John Lennon, Abbey Road, 1964

IV.                During the hectic days of the early 60s, life for the Beatles become one round of live dates, press and radio interviews, television appearances and recording sessions, the latter taking place in Abbey Road where the most famous group in the history of pop music began to seek some respite from the pressures of the outside world.

The Beatles, Abbey Road, 1964

‘I think to some degree it was a refuge for us,’ explains Paul, ‘but to be honest it was the place where we recorded; we had to come here anyway whether it was a refuge or not.  It was a nice place to come to; the reason wasn’t that it was such a great place to be in that we stayed here through the night, it was actually just the workers taking over the tools of their trade.   All that kind of thing was being mooted anyway, and we would be working on a thing quite late and we would kinda say, “What time can we go on to tonight?” and we eventually started to sort of stretch it, you know?’

 Studio 2

The Beatles’ ability to work long hours undisturbed is a legend in Abbey Road.  Endless cups of tea, fish and chips, and Chinese takeaways were ordered as they worked night and day to finish the records that brought them more and more success, increased pressures, and ultimately, greater control of their destiny.

From:  Brian Southall, Abbey Road:  The Story of the world’s most famous recording studios, Wellingborough (UK), Patrick Stephens, 1982

November 12, 1931:  Opening of EMI Studios, Abbey Road by Sir Edward Elgar (Press link to play Pomp and Circumstance)

The Beatles with George Martin, Studio 2

Cliff Richard and The Shadows, Studio 2, with producer Norrie Paramor (Click on photo to enlarge).

Reginald Dixon playing the Blackpool Tower organ (early 1930s) (press link to play)

George Martin (l) recording Peter Sellers (r)(Press link to play: Balham - Gateway to the South)


  1. Very cool indeed.

    I wish someone would make a 20-hour documentary about the Beatles recordings. The Beatles Anthology (why is it called that?) film, great as it is, does not devote nearly enough time to the recording studio.

    Paul and Ringo and George Martin listening to the recordings and talking, that's what I want.

  2. When I was at CBS/FOX, we bid on the Beatles Anthology film project, mainly because our president was a big fan and he got to go to London and hang out with Neil Aspinall at Apple, see the "Beatles' London" (to the extent possible), etc. We and every other bidder were simply stalking horses to get EMI/Capitol to sweeten the deal for Apple. He had a ball and I got to draft pointless deal memos with romantic (to me and a lot of other people) sounding names and song titles in them. Brian Southall’s book, which I don't think was ever widely commercially available, was a gift from the author, who was Caroline's publicity colleague then at EMI-UK. He did a splendid job and the pictures are fabulous. The book was commissioned to celebrate the studio's 50th anniversary, which was celebrated grandly. (There was still a booming record business in those days and the CD era was aborning.) I'm interested also in Bruce Welch's remarks and the whole idea (to the extent one can imagine it) of a "non-Beatles Abbey Road" focusing on some of the studio’s other signature acts, e.g., Cliff and The Shadows, The Hollies, Pink Floyd , etc. The book allows you to imagine that too. That being said, Kevin Ayers, who recorded some of his best records there, said that he liked the place a lot, in large part because of the Beatles' presence and aura. But he would have felt very strongly about The Shadows also. And Peter Sellers, if he were still coming around. Curtis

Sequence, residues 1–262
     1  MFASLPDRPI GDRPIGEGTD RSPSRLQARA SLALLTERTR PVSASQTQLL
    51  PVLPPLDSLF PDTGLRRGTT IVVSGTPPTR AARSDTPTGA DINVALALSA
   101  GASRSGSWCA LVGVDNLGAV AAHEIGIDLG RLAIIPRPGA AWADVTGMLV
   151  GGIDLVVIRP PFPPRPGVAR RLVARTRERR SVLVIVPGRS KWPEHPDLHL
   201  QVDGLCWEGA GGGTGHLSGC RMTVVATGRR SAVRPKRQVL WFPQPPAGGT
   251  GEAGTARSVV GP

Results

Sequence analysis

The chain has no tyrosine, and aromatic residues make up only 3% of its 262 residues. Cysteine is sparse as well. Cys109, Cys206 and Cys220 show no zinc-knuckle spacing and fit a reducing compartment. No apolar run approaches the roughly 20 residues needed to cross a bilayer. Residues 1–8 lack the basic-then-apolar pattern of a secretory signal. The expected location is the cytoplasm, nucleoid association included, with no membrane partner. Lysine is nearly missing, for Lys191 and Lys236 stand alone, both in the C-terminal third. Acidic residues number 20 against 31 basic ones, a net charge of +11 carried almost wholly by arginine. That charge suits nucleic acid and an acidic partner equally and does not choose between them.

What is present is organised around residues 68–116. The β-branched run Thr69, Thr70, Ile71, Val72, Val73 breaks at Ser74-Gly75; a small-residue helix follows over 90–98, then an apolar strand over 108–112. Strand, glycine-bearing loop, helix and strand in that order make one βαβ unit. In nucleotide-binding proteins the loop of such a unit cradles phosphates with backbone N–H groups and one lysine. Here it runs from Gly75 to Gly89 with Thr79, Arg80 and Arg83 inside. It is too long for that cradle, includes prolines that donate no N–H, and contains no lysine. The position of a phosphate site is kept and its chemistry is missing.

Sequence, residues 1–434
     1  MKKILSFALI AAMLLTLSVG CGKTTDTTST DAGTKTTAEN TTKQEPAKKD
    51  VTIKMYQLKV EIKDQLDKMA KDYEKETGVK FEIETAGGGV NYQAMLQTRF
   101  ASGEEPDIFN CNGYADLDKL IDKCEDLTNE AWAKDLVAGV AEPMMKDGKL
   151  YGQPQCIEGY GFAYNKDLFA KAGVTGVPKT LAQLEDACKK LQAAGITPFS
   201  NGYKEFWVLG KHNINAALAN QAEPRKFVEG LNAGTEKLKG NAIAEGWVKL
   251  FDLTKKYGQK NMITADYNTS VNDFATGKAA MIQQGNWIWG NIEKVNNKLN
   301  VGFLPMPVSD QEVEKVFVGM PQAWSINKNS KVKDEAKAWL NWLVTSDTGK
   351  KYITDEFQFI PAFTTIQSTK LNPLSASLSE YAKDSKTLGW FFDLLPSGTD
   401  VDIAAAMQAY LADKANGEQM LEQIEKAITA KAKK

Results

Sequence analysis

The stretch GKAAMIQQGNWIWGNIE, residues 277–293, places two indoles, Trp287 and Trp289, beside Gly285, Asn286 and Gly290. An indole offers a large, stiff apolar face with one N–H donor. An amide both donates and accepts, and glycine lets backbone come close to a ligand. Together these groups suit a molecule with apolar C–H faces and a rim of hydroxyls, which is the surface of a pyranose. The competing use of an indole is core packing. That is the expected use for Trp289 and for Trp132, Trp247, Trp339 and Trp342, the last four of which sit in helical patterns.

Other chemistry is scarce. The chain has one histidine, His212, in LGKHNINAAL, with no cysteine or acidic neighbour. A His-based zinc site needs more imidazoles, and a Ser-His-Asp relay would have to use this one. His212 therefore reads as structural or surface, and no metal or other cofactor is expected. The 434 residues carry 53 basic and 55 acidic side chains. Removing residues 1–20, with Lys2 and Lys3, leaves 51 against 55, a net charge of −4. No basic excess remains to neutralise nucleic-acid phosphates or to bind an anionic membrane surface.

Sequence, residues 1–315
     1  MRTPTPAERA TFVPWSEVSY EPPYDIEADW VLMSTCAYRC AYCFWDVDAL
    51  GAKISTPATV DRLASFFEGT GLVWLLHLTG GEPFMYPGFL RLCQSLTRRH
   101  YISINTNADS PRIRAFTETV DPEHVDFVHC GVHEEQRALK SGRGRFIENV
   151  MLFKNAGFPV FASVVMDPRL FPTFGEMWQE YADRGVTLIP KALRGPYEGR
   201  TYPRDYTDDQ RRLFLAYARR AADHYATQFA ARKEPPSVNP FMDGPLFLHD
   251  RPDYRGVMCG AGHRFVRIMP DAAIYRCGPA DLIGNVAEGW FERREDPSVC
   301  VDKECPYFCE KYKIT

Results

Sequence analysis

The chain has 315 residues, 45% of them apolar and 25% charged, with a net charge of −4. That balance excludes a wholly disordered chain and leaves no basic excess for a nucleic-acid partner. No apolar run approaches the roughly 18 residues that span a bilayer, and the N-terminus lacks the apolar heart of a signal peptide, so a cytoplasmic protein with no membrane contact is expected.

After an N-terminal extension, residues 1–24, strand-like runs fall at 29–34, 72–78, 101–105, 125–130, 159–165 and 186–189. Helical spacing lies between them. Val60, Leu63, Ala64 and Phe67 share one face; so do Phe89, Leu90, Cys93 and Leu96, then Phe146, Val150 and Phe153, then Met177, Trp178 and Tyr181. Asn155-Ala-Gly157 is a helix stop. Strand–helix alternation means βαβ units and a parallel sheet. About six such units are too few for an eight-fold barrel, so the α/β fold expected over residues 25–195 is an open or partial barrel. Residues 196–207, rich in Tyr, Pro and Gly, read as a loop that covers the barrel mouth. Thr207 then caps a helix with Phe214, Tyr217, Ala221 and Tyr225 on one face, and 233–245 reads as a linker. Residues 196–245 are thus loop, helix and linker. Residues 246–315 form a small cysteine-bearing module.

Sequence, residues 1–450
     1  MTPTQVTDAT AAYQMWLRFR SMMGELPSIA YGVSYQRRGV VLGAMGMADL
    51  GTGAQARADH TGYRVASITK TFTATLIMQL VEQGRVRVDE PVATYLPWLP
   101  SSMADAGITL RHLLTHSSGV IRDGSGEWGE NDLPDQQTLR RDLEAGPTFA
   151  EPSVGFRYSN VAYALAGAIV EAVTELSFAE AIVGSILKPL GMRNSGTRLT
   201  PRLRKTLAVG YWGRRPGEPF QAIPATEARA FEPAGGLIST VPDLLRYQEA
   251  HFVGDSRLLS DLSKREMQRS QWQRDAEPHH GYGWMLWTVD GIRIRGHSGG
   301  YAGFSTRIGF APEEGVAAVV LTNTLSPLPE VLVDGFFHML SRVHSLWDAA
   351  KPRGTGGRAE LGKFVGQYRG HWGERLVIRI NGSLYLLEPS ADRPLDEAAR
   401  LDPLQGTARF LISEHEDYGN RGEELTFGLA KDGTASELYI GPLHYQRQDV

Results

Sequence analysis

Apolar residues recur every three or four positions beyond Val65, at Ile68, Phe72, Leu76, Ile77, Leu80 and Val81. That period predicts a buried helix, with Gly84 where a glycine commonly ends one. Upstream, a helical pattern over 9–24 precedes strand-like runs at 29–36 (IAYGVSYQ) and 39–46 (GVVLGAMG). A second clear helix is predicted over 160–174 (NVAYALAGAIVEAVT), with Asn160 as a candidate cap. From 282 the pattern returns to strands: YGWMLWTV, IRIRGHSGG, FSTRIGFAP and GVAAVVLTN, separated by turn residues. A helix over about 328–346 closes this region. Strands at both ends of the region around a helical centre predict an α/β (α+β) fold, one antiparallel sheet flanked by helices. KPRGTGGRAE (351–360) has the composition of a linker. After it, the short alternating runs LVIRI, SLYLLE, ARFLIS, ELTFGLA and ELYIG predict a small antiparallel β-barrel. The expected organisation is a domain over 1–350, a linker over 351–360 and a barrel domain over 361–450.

3. Roddy: I've taken the time to add a few more enjoyable links to the post. Curtis

  4. Great Blog and wonderful Abbey Rd post Curtis.

    The shot of John sitting on his Vox AC50 playing his 58' Ric 325 was taken at the Deauville Hotel in Miami on Friday 14 February 1964 during a series of rehearsals for The Beatles' second appearance on The Ed Sullivan Show on the following Sunday.

  5. Thanks. Your note lifted my spirits late on a very wearying Friday. I'm glad you liked this. Thank you for identifying the John shot, which is indeed a great one. Please visit again. I try to vary things to keep it interesting. Regards, Curtis